On the calendar of Christian worship, January 6 is Epiphany; it is a day to acknowledge that Jesus is the in-the-flesh manifestation of God’s dreams for the world and to celebrate that he is an embodied revelation of the Divine’s unifying and healing love.

In the history of the United States, January 6, 2021 was a violent eruption of a recurrent nightmare: white people, many of them fueled by a version of “christianity” that minimizes or marginalizes or maligns the ways of Jesus, enacted the nightmare of white supremacy: the insidious idea that white people, particularly white men, have a right, encoded somehow in their nature and inscribed functionally, even if no longer legally, in the institutions of this nation.

Some of the rioters carried crosses, “Jesus Saves” banners, and Bibles. Some sang hymns and prayed for God’s blessing on and vindication of their cause. There was at least one Confederate battle flag, symbol of a seditious and secessionist movement in defense of chattel slavery, a defense that many southern theologians helped to rationalize.

Among the rioters were people who believed, because their pastors taught them to do so, that Donald J. Trump is central to the plan of God for this country. They had listened to preachers who told them that God had anointed Mr. Trump to him to play a Messiah-like role in the liberation of Christians from “secularism” and “liberalism,” much as the Persian king Cyrus had been a divine instrument to set God’s covenant-people free from captivity in Babylon. Those religious leaders are, in my view, guilty of malpractice.

People were there for many reasons. Perhaps some had come for a protest and demonstration against election results they fervently believed, without evidence, to be fraudulent, and they got caught-up in the fever of the moment; but they still went along and became part of a mob. Clearly, though, many of the rioters were there to storm the Capitol as an attack on democracy since, if democracy succeeds, supremacy fails. There is abundant evidence of advance planning and inside knowledge.

At a “Save America Rally” before the assault on the Capitol, Rudy Giuliani called for “trial by combat,” and Mr. Trump said: “We fight like Hell and if you don’t fight like Hell, you’re not going to have a country any more. . .. So, we’re going to, we’re going to walk down Pennsylvania Avenue, I love Pennsylvania Avenue, and we’re going to the Capitol and we’re going to try and give . . . our Republicans, the weak ones, because the strong ones don’t need any of our help, we’re going to try and give them the kind of pride and boldness that they need to take back our country.” In the context of the rally and the climate of the day, such words are incitements to violence.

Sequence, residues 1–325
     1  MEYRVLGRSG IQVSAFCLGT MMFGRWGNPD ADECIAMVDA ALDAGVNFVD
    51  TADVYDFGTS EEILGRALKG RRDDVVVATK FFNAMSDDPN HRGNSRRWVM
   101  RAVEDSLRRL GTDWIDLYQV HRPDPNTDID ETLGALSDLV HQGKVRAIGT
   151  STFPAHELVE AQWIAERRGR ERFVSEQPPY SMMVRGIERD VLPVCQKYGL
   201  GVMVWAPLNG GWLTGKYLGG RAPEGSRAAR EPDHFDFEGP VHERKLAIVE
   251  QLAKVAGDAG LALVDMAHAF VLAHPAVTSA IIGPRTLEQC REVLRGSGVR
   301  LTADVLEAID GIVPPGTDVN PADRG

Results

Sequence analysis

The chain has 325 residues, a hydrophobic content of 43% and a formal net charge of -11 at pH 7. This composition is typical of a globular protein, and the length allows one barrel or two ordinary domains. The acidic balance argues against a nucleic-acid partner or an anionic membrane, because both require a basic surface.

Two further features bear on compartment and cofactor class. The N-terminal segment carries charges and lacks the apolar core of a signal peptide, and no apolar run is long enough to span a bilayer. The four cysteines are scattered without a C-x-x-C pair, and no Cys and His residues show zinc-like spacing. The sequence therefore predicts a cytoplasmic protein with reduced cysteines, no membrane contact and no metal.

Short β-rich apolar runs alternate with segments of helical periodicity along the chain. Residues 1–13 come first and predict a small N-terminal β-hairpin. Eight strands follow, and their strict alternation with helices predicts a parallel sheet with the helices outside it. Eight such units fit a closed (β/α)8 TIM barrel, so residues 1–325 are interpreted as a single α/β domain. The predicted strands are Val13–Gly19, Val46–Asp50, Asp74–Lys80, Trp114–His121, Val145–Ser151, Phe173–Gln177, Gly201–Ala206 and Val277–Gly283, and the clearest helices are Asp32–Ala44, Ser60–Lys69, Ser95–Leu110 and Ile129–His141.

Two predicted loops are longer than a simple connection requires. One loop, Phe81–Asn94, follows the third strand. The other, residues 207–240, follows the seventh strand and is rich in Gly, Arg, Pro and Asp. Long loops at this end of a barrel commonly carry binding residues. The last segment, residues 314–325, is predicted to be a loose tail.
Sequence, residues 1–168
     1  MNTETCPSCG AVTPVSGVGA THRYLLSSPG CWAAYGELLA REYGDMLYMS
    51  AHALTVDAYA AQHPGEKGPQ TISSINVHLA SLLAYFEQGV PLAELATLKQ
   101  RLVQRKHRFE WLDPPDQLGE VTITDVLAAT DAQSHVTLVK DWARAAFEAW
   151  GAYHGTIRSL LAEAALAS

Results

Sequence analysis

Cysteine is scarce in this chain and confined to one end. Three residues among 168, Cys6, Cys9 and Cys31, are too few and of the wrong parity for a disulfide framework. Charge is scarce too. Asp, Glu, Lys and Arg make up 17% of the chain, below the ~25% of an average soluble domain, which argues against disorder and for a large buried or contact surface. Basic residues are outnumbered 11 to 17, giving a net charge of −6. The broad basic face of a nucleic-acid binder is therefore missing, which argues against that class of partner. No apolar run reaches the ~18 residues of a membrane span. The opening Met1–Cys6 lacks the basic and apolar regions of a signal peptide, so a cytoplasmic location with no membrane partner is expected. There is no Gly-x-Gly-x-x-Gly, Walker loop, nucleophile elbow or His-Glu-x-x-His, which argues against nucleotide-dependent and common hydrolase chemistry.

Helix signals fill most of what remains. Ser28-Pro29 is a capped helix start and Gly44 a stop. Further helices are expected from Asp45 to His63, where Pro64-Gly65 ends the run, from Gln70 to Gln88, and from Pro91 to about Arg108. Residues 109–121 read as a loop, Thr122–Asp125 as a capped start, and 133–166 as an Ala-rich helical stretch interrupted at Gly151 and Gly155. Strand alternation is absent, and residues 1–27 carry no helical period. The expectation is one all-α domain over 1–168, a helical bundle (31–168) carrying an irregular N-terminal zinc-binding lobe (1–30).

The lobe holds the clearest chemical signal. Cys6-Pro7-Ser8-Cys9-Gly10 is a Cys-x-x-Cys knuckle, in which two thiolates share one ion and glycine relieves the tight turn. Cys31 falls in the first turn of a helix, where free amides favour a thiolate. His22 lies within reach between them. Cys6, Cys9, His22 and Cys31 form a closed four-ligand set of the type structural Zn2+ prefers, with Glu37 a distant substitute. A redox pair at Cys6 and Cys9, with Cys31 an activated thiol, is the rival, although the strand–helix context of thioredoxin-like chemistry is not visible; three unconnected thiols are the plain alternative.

For a long time, I’ve not been surprised by Mr. Trump’s deceit, cruelty, and narcissism. Angered and grieved, yes, but not surprised. His Republican enablers frustrate me, but I’ve learned that, with a few notable and admirable exceptions, elected Republicans will defend the indefensible out of, for the most part, fear of Trump’s reprisals.

I’ve been, and am, very troubled–dismayed, disturbed, and disillusioned–by the numbers of (white evangelical) Christian leaders who have convinced themselves that the ways of Trump are consistent with the ways of Jesus. It saddens me to see the Good News of salvation and liberation and God’s purposes of a healed creation and a beloved community get lost to the temptations of political power.

On Epiphany, the church listens to the story of the “wise men” who travel a long distance to visit the child Jesus so that they could honor him as a “king” who would be different from the harsh and oppressive Roman Emperors and their officials. Jesus would practice the ways of love, justice, peace, and nonviolent resistance to the Powers. Herod tried to use the wise men to get information from them about where to find Jesus. Herod wanted to murder Jesus–to eliminate a rival. The wise men were warned in a dream to go home by “another way,” a way that avoided Herod.

On January 6, 2021, people who believed themselves to be honoring Jesus colluded with Herod for his purposes.

There is another way: the way of, with, and (back) to Jesus.